One of the first things I do when a new person joins my team is walk them through an overview of Problem Framing. My goal is to try to create a culture where everyone asks: "are we solving the right problem" and make sure we have the tools available to so that asking, and answering, that question doesn't slow down the work.
The following are some common slides that I've used over the years.
What happens all too often is that some initial problem is defined and teams rush into solution mode...
Teams will get together and workshop solutions to the stated problem, and end up falling in love with a solution:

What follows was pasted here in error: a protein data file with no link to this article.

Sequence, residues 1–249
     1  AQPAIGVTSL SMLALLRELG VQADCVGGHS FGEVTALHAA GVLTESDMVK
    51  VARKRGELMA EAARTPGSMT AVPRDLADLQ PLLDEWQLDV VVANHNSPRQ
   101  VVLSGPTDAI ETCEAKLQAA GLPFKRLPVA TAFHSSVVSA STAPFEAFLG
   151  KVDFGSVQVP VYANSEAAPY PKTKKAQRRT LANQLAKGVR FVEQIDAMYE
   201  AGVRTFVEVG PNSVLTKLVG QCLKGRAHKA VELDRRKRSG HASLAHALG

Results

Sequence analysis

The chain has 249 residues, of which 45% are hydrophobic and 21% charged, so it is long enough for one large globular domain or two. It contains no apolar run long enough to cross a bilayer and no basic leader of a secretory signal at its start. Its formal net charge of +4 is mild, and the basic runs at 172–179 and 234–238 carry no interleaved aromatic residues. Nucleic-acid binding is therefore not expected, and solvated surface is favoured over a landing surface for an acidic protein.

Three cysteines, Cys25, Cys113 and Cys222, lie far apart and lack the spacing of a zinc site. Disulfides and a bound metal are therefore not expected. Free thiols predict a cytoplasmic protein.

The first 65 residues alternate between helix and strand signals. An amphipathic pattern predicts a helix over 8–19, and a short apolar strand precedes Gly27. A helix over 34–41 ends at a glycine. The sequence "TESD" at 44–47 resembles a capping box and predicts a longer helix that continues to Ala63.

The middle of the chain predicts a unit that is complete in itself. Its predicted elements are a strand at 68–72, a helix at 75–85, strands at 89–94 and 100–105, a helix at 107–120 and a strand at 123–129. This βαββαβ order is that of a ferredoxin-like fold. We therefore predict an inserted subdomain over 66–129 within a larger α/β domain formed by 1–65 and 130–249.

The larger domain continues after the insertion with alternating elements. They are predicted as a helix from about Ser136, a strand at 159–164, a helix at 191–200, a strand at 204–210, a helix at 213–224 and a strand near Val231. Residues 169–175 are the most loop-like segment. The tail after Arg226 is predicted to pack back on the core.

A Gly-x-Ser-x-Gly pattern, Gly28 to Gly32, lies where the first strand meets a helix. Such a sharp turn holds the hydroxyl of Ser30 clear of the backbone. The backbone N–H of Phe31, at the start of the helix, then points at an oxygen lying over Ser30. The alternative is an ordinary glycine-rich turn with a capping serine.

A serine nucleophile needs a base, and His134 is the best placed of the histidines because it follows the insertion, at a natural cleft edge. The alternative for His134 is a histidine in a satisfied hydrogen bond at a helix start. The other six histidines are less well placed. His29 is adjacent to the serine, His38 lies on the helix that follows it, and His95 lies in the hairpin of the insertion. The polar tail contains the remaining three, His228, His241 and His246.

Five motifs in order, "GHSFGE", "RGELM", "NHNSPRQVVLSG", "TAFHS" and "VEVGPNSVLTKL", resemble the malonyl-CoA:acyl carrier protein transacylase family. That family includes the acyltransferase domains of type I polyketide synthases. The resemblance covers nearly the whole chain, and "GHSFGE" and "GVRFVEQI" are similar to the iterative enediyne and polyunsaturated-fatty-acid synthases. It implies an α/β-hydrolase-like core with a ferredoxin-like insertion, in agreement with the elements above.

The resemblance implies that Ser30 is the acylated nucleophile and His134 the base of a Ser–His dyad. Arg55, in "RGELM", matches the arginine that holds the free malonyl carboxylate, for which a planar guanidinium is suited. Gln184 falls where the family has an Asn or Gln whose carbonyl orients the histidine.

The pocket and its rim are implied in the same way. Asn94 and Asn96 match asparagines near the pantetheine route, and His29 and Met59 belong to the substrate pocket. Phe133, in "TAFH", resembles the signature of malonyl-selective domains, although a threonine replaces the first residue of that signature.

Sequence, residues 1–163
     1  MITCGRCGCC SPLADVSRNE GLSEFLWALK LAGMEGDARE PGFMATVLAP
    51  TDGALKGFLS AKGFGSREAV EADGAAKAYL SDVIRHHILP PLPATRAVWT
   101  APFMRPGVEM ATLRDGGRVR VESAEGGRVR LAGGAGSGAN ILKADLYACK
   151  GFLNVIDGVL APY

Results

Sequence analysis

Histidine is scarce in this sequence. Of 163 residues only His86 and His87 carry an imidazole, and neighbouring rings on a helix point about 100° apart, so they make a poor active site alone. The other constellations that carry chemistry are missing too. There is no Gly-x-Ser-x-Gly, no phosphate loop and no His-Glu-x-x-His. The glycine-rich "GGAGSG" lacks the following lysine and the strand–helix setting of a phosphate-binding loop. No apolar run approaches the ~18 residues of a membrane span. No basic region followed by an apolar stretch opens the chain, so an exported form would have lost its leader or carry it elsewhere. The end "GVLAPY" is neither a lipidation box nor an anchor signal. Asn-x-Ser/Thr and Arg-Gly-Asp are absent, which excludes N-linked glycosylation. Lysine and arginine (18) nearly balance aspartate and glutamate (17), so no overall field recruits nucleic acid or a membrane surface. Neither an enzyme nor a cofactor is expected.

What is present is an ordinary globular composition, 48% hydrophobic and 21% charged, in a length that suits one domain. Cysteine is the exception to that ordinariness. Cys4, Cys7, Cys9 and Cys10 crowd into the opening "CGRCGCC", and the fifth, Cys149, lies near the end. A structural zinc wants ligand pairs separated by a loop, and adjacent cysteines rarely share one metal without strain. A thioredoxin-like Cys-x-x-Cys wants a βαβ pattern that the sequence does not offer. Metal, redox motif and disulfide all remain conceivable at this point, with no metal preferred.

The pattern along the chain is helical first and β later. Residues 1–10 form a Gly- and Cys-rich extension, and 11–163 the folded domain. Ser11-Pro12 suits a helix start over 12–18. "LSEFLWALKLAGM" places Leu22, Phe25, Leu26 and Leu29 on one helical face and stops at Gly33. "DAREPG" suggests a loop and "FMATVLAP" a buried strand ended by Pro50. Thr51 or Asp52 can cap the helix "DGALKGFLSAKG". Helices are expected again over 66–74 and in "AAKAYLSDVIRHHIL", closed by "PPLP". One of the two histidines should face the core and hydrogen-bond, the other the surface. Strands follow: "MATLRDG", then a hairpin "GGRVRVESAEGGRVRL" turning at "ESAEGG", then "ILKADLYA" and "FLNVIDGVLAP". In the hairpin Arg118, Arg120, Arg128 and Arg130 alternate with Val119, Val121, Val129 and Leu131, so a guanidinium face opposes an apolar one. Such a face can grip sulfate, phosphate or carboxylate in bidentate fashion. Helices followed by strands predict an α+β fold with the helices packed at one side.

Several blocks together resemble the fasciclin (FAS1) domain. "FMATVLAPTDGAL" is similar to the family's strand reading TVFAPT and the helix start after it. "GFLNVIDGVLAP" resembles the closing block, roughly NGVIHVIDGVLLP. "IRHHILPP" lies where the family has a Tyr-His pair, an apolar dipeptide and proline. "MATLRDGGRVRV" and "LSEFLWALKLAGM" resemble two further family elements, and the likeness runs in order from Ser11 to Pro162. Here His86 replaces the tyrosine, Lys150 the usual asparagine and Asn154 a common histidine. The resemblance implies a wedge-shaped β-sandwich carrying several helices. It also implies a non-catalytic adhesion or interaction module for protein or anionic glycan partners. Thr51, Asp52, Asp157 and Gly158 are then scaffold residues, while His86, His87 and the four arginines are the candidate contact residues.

"Of course it has to be a submarine, it's the only logical choice... not everyone knows how to swim, we can't afford a plane, a canoe is dangerous, etc."
But this is where we need to catch ourselves...
Get people to share what they drew, then, ask them to turn their paper over, set a timer for 1 minute and ask them to "Design a way for people to experience flowers"...
The purpose of this exercise, obviously, is that the map of possible solutions grow exponentially by simply having a more abstract problem statement.
The most important part of the talk is introducing a way to ensure that the problem statement is a good one.